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Ahhh it’s time to start shopping for a Father’s Day gift for your dad, grandfather, husband, uncle or whoever that special father figure is in your life. This year, don’t you dare give him another tie that he’s never going to wear – get creative. If you’re not sure on what to get him, check out our suggestions below.
One of the coolest sites for gifts, Out of Print Clothing, donates one book for each T-shirt they sell. Added incentive? The shirts feature classic book covers such as The Maltese Falcon and The Great Gatsby, so he can look cool on the outside while feeling virtuous on the inside.
A towering presence in the literary world, writer Saul Bellow also loomed predictably large in the life of his son. In Saul Bellow’s Heart, Greg Bellow explores his relationship to his father the man, the myth and the genius.
As a frequent contributor to The New Yorker, Janet Malcolm is worth reading no matter the subject. Forty-One False Starts proves her worth with one fantastic essay after another. She profiles artists, critics and writers, including David Salle, Diane Arbus and Edith Wharton.
Music lovers will revel in William Stout’s Legends of the Blues. Bursting with cool facts, a CD and gorgeous illustrations, this “little book that could” will light up someone’s Father’s Day big time.
Sony’s Sports MP3 Player makes it easy to get motivated and get out of the house. Lightweight and waterproof, the headphones stay firmly in place while he walks, runs or swims.
Adventurous dads will revel in Francis Slakey’s To The Last Breath. This memoir, now in paperback, about a physics professor climbing the world’s highest mountains and surfing the globe will provide oodles of inspiration, if only in daydreams.
Outdoorsy types will adore Sun Bum’s Sunscreen Face Stick. This portable solid with an SPF of 30-plus easily protects small, easily burned places, like the nose and ears.
Fascinating and futuristic, Emily Anthes’ Frankenstein’s Cat explores the world of science and gene tinkering in a fashion that is thrilling and frightening. Imagine a cat that glows in the dark or a beetle able to perform surveillance – these creatures exist now, and it feels like the 21st century is finally going full tilt.
Who hasn’t had Mad Hungry Cravings and been flummoxed by satisfying them? Lucina Scala Quinn’s new cookbook tackles recipes, such as Loaded Potato Skins and Pork Fried Rice, to the ground so that he can eat what he wants in the comfort of his own kitchen.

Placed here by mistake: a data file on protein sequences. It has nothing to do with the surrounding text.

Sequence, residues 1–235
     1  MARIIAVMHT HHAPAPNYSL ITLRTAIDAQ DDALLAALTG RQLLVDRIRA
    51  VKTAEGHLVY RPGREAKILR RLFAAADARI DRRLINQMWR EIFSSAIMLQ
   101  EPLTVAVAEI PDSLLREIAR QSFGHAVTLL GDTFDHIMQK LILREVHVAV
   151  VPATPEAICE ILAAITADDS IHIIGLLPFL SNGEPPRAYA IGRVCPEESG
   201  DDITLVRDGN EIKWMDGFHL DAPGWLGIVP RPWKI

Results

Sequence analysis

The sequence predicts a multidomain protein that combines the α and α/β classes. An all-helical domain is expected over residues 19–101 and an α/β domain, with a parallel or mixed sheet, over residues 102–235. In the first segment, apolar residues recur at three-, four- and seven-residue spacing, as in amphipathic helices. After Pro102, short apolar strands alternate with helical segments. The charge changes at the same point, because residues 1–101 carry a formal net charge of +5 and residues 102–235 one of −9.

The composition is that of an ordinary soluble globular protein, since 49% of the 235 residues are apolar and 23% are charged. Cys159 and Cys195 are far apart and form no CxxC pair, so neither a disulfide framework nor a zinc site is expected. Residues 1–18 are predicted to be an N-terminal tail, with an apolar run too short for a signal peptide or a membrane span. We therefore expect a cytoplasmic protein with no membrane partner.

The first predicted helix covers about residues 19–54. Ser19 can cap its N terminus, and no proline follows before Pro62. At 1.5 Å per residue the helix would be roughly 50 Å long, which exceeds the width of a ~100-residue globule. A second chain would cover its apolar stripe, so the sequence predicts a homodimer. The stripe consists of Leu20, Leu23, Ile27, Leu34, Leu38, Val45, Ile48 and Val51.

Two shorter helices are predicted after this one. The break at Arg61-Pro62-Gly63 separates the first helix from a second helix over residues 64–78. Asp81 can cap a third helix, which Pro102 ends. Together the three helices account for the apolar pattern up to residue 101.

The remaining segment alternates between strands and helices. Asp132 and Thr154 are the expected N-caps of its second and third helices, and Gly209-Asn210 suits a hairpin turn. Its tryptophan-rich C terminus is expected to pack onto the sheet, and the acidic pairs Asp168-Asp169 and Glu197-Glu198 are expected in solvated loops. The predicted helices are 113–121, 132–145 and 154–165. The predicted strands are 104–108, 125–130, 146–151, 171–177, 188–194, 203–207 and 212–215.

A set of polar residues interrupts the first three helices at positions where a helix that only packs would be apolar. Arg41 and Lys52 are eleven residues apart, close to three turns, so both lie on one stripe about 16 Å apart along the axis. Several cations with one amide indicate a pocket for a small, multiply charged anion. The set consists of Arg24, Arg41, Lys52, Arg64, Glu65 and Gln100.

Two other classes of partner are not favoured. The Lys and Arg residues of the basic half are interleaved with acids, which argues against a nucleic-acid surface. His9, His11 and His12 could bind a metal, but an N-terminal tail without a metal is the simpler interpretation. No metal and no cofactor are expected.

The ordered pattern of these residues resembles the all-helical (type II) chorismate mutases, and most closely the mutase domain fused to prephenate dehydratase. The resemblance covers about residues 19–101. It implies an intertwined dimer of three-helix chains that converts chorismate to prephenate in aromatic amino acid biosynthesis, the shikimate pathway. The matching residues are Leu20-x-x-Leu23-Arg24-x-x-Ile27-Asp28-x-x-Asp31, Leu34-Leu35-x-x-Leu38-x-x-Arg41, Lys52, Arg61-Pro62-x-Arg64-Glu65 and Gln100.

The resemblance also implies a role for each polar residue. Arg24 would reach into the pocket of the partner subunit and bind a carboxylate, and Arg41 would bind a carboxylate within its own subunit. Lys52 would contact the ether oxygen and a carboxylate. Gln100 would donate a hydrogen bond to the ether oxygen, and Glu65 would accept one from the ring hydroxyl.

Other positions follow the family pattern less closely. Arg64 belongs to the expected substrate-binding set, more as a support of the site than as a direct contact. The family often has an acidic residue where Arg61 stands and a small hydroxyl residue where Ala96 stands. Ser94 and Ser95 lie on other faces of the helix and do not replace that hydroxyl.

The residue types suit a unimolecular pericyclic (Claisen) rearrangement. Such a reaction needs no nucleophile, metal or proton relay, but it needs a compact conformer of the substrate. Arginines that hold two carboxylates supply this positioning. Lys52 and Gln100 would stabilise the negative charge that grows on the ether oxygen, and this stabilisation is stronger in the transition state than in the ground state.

Ladies aren’t the only ones who like Gwyneth Paltrow, especially since she was proclaimed the most beautiful woman alive by People magazine. Her latest effort, a cookbook entitled It’s All Good, showcases simple, gluten-free, health-conscious recipes for the whole family.
Family and food play well together in Patricia Volk’s Stuffed. This memoir of a great New York restaurant family (her great-grandfather introduced Americans to pastrami) will make his mouth water.
For guys who recoil from too-greasy moisturizer, Palmer’s Cocoa Butter Formula comes in a solid. The easy-to-use tub works great on especially dry areas, like knuckles and elbows.
A great sunscreen that promises “DNA damage control,” Neova uses up-to-the-minute science to protect skin from damage. The broad spectrum SPF 43 is a great choice for men who work or play outdoors.
Keep his education rolling with Peter Rainer’s Rainer on Film. A venerated critic, with 30 years of experience under his belt from the Los Angeles Times, Christian Science Monitor and New York magazine, Rainer always makes your dad think, even when he absolutely doesn’t agree with him (Fargo!).
Wonderfully effective and surprisingly natural, Hanz de Fuko products fill a void in the market. The full range of hair styling options, like the Sponge Wax, tackles even the gnarliest cowlick with ease.
John le Carré does it again with A Delicate Truth. One of the world’s premiere writer of spy novels hits this tale of a counter-terror operation out of the park.
An under-examined minority in the melting pot of our city gets recognized in Jews in the Los Angeles Mosaic. Karen S. Wilson edited this group of essays that run the gamut, from Hollywood to politics.
The odd mixture of pirates and food melds perfectly in Eli Brown’s Cinnamon and Gunpowder, which is a swashbuckling 19th-century tale bursting with romance, battles and eel ravioli.
Who’d of thought that the creator of First Blood (the inspiration for the Rambo series) would go on to write a novel as nuanced as Murder as a Fine Art? David Morrell exceeds all exceeds all expectations in this story of mass murder and opium in 19th century London.
Article posted on 6/6/2013
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